A history of her story

Wed, Oct 17, 2012, 01:00

‘Every person, without distinction of sex . . . shall enjoy the privileges and be subject to the obligations of such citizenship,” reads Article 3 of the 1922 Constitution of the Irish Free State.

This came after more than 50 years campaigning to win recognition as citizens for more than half the population. The first wave of the international women’s movement began around 1840. It was not the first time women asserted that the roles allocated to them by society prevented their development as full human beings.

What was new was that in most countries in the western world groups of women organised to challenge laws, regulations and customs. The context was the economic and intellectual developments of the late 18th and early 19th centuries. With the industrial revolution and the expansion of manufacturing, commerce and finance, the middle classes grew in numbers and wealth. This had different results for women and men. Workplace and family home were increasingly separated as many middle-class families moved into the new suburbs. Middle-class women were increasingly confined to the domestic or “private” sphere, even as middle-class men were moving into political office and power.

At the same time Enlightenment thinking’s emphasis on the power of human reason encouraged ideas of democracy and the equality of all human beings. Few male thinkers extended equality to females, but some women did and used it to support claims that women were human persons with the right and duty to develop individual potential and contribute to shaping society.

Laws and customs differed from country to country but gender relationships were similar enough for activists to see themselves as part of an international movement. In Ireland women shared the same general civil and political disabilities as other women in the UK. Under the common law a married woman’s civil identity merged with that of her husband; she could not sue or be sued without his being joined in the action; he was the sole guardian of their children; her inherited or earned property came under his control to use or dispose of as he wished; if she left him his duty to support her ended.

In education, access to universities and degrees was confined to men, and thus entrance to the higher professions. Sexual double-standards pervaded laws and social attitudes. Voting in parliamentary elections, sitting in the House of Commons, and holding government office were confined to men.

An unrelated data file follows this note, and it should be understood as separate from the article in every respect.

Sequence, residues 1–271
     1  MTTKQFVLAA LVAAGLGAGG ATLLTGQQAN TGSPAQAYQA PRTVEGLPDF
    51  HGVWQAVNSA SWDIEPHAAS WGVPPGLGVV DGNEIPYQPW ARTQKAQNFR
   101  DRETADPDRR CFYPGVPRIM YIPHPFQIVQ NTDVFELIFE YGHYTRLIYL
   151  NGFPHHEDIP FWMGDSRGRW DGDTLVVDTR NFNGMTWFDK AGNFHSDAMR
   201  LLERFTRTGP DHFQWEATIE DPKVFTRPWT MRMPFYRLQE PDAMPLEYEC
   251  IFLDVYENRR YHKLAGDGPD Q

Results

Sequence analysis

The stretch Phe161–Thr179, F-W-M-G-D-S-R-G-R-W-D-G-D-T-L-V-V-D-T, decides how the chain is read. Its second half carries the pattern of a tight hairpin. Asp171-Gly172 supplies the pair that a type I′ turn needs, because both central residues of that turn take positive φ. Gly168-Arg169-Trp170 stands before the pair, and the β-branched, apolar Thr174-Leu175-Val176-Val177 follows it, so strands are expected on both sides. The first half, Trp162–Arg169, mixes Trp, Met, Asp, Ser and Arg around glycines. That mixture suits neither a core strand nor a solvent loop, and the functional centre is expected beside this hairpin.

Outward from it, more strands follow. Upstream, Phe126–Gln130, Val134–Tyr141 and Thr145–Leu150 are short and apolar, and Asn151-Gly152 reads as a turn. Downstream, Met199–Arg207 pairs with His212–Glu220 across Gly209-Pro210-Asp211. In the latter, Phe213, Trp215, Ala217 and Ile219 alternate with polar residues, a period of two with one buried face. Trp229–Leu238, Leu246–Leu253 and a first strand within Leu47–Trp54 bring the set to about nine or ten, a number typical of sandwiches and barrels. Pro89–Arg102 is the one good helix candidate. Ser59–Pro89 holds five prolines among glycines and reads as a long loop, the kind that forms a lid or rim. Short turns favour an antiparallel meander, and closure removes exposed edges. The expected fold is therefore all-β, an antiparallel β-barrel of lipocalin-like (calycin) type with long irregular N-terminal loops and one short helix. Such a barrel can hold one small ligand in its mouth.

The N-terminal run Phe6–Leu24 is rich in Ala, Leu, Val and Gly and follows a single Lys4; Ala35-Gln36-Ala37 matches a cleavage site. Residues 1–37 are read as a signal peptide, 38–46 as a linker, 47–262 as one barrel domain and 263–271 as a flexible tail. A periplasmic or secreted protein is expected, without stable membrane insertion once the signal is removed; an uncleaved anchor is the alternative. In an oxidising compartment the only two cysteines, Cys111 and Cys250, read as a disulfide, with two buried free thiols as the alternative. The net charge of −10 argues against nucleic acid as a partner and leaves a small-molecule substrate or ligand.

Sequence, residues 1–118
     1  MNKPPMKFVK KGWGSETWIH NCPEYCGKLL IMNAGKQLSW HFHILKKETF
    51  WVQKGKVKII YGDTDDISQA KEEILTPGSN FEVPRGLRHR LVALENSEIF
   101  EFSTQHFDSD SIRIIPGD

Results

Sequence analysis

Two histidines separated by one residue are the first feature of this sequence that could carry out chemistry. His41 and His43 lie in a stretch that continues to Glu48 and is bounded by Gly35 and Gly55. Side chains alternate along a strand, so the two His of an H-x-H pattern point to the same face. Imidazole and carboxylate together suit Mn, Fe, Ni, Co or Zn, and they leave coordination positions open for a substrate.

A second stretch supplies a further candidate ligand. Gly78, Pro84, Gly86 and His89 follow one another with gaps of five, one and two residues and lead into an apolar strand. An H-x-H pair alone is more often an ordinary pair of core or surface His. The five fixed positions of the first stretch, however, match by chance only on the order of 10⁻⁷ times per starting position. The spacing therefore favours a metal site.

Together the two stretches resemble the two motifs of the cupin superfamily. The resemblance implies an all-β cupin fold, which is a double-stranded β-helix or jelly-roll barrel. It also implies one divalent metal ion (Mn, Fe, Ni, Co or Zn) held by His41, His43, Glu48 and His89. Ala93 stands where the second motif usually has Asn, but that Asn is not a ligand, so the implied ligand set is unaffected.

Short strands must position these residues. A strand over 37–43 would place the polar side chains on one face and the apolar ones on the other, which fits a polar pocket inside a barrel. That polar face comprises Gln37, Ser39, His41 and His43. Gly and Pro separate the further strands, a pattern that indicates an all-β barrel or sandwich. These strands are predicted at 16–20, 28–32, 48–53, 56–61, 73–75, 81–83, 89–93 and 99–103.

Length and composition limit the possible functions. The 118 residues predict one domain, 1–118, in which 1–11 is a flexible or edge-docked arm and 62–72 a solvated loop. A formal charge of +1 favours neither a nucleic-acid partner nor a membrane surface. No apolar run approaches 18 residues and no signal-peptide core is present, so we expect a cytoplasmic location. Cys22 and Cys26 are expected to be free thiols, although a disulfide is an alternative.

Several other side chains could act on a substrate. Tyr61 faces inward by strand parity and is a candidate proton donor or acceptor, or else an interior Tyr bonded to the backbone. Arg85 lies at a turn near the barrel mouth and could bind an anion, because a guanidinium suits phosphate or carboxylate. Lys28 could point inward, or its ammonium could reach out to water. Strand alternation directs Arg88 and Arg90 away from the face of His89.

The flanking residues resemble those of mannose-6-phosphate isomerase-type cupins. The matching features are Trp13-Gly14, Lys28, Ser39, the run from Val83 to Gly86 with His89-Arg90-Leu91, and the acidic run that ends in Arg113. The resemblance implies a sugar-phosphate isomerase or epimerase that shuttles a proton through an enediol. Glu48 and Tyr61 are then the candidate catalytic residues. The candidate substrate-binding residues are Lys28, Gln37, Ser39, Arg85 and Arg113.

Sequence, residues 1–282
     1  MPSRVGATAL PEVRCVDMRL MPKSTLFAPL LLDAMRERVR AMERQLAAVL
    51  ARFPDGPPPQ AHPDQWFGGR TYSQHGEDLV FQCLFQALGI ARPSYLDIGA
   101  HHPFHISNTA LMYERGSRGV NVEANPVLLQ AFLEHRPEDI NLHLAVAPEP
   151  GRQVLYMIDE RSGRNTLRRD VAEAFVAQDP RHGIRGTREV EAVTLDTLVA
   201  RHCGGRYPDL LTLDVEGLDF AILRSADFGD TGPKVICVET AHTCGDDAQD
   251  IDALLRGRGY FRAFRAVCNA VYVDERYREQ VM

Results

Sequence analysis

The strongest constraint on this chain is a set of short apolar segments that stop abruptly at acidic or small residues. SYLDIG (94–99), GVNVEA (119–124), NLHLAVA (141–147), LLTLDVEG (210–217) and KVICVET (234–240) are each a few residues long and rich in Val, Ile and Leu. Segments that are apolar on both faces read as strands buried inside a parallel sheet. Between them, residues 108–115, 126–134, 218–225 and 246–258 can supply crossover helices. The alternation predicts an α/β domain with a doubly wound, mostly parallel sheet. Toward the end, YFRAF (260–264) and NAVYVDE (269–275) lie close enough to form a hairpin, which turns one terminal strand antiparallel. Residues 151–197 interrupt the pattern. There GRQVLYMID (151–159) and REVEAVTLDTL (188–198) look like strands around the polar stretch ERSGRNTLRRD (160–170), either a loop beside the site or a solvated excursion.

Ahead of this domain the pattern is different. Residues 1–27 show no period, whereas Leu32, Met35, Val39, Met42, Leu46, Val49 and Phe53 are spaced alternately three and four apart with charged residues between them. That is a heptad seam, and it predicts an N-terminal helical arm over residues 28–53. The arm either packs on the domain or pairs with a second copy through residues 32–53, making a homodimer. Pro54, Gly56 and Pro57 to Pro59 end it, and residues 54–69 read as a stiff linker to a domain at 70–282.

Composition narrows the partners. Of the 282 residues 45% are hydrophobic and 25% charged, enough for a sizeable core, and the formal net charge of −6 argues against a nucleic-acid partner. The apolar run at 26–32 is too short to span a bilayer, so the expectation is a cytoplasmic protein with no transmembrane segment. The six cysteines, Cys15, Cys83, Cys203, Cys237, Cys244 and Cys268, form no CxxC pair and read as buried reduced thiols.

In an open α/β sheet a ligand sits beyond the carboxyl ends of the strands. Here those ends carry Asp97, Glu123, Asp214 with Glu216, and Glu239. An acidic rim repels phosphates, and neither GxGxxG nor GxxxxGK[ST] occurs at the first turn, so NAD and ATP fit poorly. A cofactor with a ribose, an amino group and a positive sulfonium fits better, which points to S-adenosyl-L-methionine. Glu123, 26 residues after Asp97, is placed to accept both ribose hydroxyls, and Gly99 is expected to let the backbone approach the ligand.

Legislative change had to come from the UK parliament, so feminist co-operation was natural, and on some issues action in Ireland followed an English lead. The leading Irish activists were middle-class, unionist in politics and Protestant in religion, with Quakers particularly prominent. To many Irish nationalists feminism appeared an English import. Politically active nationalist women, Catholic and Protestant, were involved in campaigns from Catholic emancipation right through to Home Rule and the Ladies Land League.


In Ireland there was organised feminist action on four main issues: married women’s property, education, repeal of the Contagious Diseases Acts and the parliamentary vote. The issues interacted. Married women’s property law restricted the autonomy of women of every social class. In conjunction with exclusion from the universities and professions it encouraged middle-class girls’ education towards accomplishments leading to advantageous marriage rather than intellectual development and economic independence.

This kind of education restricted the development of women’s potential, and would lessen their ability to use the vote to advance the common good. Feminists believed women would bring into political decision-making the values society associated with females, caring and nurturing,. The vote was itself a civil right and exercising it would further women’s self-development.

In 1875 Isabella Tod, a Presbyterian in Belfast and a leading figure in all the campaigns, summarised the feminist case. Women were “citizens of the state, inheritors with men of all the history which enobles a nation, guardians with men of all the best life of the nation; bound as much as men are bound to consider the good of the whole; and justified as much as men are justified in sharing the good of the whole”.

Actions included setting up committees and associations, educating public opinion by letters to the newspapers and drawing room and public meetings, organising petitions to parliament, lobbying MPs to introduce and support legislation that promoted women’s rights.

On the issue of married women’s property, action in Ireland was essentially part of an English-led campaign. Committees were formed in Dublin and Belfast; petitions organised and MPs lobbied. Tod, the only female witness to a select committee of the House of Commons in 1868, explained that Irish feminists’ main concern was for poorer married women who took employment to support their families. The law left their earnings completely at the mercy of their husbands. In 1870 the first of a series of acts giving married women gradually increasing degrees of control of their property was passed.

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